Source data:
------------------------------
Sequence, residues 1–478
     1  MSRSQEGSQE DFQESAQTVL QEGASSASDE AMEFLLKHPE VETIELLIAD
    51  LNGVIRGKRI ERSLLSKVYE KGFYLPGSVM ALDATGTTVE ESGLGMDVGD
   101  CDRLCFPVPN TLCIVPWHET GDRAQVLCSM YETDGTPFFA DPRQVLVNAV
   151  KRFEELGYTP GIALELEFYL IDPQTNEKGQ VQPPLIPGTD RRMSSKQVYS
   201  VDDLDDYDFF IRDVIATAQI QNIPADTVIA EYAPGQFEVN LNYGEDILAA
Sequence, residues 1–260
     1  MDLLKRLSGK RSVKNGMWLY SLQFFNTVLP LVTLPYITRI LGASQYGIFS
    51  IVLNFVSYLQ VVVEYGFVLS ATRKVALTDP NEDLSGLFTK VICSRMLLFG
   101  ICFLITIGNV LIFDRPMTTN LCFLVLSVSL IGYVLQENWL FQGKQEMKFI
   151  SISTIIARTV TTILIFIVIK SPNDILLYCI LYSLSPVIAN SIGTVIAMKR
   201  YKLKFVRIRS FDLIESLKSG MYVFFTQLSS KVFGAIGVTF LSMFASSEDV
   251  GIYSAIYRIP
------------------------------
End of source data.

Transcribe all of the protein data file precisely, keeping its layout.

Sequence, residues 1–478
     1  MSRSQEGSQE DFQESAQTVL QEGASSASDE AMEFLLKHPE VETIELLIAD
    51  LNGVIRGKRI ERSLLSKVYE KGFYLPGSVM ALDATGTTVE ESGLGMDVGD
   101  CDRLCFPVPN TLCIVPWHET GDRAQVLCSM YETDGTPFFA DPRQVLVNAV
   151  KRFEELGYTP GIALELEFYL IDPQTNEKGQ VQPPLIPGTD RRMSSKQVYS
   201  VDDLDDYDFF IRDVIATAQI QNIPADTVIA EYAPGQFEVN LNYGEDILAA
Sequence, residues 1–260
     1  MDLLKRLSGK RSVKNGMWLY SLQFFNTVLP LVTLPYITRI LGASQYGIFS
    51  IVLNFVSYLQ VVVEYGFVLS ATRKVALTDP NEDLSGLFTK VICSRMLLFG
   101  ICFLITIGNV LIFDRPMTTN LCFLVLSVSL IGYVLQENWL FQGKQEMKFI
   151  SISTIIARTV TTILIFIVIK SPNDILLYCI LYSLSPVIAN SIGTVIAMKR
   201  YKLKFVRIRS FDLIESLKSG MYVFFTQLSS KVFGAIGVTF LSMFASSEDV
   251  GIYSAIYRIP